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A survey of the behavioural characteristics of pure-bred dogs in the United Kingdom
  1. J. W. S. Bradshaw, BA, PhD1,
  2. D. Goodwin, BSc, PhD1,
  3. A. M. Lea, BSc1 and
  4. S. L. Whitehead, BA1
  1. 1 Anthrozoology Institute, School of Biological Sciences, University of Southampton, Bassett Crescent East, Southampton S016 7PX

Abstract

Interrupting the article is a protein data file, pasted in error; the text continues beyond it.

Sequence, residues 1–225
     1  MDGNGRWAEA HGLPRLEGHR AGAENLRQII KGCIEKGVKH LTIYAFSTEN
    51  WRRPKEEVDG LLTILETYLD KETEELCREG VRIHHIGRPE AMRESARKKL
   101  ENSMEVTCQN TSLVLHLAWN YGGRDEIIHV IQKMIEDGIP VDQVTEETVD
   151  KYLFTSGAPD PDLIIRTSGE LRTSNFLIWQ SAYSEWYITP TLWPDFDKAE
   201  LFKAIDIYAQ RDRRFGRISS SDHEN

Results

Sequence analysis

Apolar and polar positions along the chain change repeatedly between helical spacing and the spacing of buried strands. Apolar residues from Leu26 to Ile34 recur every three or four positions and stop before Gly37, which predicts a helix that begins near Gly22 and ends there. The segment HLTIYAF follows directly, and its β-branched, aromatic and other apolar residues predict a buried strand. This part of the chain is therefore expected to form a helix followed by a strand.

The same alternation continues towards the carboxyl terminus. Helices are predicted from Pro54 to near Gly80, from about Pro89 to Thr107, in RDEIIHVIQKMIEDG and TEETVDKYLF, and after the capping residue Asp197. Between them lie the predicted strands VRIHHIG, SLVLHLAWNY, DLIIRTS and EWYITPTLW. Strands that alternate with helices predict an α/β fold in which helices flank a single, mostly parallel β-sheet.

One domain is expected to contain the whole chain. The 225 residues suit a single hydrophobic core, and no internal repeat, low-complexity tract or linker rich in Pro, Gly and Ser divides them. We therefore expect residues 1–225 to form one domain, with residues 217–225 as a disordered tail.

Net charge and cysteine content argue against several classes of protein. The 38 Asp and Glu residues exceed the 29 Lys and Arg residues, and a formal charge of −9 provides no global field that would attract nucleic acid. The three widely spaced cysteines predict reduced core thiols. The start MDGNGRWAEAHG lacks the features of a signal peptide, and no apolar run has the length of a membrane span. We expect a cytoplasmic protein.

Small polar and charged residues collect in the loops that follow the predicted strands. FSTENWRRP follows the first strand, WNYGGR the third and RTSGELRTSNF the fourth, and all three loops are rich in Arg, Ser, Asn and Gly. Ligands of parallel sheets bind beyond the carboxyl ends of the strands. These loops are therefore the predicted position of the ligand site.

One-hundred-and-twelve small animal veterinarians and 56 dog care professionals were asked to rate the behavioural characteristics of 49 breeds of dog, and to compare males and females by means of a 13-point questionnaire. From their replies, factor analysis was used to extract three underlying traits, labelled aggressivity, reactivity and immaturity. On the basis of these traits, eight groups of breeds were derived. Membership of these groups did not correspond exactly with any of the four existing breed classification systems (Mégnin, the Fédération Cynologique International, ancient breeds and Kennel Club of Great Britain), but significant differences between Kennel Club groups were found on all three traits. Male dogs were rated higher than females on both aggressivity and immaturity; the components of reactivity were also rated higher in males, apart from the demand for affection which was rated higher in females. Females were also considered easier to train than males.

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